Key Facts About the Military Budget
Steven Bucci / Owen Graham /
“Governor Romney’s plan calls for…$2 trillion in additional military spending that the military hasn’t asked for.” —President Obama, First Presidential Debate, October 3, 2012
The President has repeatedly attacked Governor Romney’s plan to restore baseline military budgets to roughly 4 percent of domestic product as unnecessary spending that the Joint Chiefs of Staff don’t want. In the vice presidential debate, Joe Biden went even farther, claiming it was the service leaders who “made the recommendation first” to make the latest round of cuts, which total almost $500 billion. “That’s a fact,” asserted the Vice President.
No, it’s not.
The fact is that this round of defense cuts was first proposed by President Obama on April 13, 2011. In an attempt to preempt the budget-cutting fervor of the House of Representatives’ Republican leadership, he said he would trim roughly $400 billion from the defense plan that he had submitted to Congress in February 2011. The President did not even inform Secretary of Defense Robert Gates, who was set to retire that June, about the proposed cuts.
And no wonder. Secretary Gates had already declared his opposition to such an approach: “Suggestions to cut defense by this or that large number have largely become exercises in simple math, divorced from serious considerations of capabilities, risk, and the level of resources needed to protect this country’s security and vital interests around the world.”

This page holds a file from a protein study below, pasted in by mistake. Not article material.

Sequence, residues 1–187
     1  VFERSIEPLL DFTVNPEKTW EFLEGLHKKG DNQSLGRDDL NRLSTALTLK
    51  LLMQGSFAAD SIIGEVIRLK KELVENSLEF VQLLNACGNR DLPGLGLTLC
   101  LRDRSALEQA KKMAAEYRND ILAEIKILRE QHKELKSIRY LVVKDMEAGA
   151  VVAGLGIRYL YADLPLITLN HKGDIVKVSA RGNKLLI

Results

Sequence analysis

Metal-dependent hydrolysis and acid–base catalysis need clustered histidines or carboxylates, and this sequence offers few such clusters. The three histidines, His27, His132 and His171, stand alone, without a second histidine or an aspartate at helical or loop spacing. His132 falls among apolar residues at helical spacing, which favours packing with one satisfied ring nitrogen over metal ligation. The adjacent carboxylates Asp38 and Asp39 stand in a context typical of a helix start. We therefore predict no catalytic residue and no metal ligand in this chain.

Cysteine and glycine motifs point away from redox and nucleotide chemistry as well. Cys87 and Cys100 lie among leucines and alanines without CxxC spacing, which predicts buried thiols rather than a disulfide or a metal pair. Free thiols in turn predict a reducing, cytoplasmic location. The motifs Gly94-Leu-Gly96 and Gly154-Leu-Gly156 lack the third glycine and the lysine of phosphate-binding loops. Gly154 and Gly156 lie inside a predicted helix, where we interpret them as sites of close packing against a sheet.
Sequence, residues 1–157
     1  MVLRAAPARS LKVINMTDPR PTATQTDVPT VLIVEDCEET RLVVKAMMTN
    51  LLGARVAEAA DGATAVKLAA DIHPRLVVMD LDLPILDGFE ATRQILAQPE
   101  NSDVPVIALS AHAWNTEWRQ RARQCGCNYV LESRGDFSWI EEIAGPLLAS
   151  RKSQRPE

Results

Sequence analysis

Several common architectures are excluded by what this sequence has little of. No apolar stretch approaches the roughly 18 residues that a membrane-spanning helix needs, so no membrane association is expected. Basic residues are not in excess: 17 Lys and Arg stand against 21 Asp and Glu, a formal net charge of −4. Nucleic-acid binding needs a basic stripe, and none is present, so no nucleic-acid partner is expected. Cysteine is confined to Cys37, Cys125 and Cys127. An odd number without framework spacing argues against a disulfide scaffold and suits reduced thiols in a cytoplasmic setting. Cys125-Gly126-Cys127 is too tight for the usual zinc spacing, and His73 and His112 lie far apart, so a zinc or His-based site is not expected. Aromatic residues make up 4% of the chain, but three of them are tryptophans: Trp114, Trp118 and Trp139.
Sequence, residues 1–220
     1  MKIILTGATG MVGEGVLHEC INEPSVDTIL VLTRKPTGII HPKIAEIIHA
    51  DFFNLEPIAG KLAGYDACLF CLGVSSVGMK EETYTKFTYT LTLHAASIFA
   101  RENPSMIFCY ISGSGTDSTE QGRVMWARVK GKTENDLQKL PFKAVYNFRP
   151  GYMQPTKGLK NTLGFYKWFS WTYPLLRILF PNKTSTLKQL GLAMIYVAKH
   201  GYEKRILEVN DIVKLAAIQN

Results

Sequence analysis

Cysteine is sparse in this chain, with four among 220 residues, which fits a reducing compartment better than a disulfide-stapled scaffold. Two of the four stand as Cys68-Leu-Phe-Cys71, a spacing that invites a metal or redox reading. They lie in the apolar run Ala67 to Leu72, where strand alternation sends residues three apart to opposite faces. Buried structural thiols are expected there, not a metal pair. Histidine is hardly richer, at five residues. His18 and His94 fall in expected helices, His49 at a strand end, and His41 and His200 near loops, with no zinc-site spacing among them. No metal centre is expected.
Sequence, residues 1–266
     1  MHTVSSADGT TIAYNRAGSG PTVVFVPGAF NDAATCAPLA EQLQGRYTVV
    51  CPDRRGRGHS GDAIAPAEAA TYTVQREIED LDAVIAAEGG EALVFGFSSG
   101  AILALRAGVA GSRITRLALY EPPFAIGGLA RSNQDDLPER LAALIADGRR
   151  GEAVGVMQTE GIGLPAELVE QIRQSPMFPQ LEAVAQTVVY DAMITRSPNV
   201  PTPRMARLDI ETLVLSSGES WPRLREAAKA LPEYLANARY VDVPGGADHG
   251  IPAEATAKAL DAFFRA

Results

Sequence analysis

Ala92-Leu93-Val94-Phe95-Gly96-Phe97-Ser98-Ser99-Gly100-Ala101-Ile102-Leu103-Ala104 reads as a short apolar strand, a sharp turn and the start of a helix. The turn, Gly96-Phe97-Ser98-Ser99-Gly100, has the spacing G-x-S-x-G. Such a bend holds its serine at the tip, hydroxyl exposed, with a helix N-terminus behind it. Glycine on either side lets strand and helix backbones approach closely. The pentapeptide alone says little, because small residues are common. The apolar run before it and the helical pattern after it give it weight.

And so President Obama has, conveniently, rewritten the standard of military strategy to conform to his defense-budget-cutting desires. But as The Washington Post has observed, the President’s defense guidance rests “upon the dubious assumption that there will be no need to fight land wars in the coming decade… The shrinking Navy, in turn, is at odds with Mr. Obama’s strategy of building up forces in Asia against a belligerent China.”
The Post also rightly pointed out that Governor Romney is simply proposing to “fully fund the four-year plan laid out by the Defense Department.”
In other words: This “additional” spending previously was asked for by the Joint Chiefs of Staff and recommended to Congress by President Obama himself.
As commander-in-chief, President Obama has the prerogative to define U.S. defense strategy downward. But he does not have the prerogative to define defense facts. And he certainly should not hide behind the Joint Chiefs of Staff when he does so.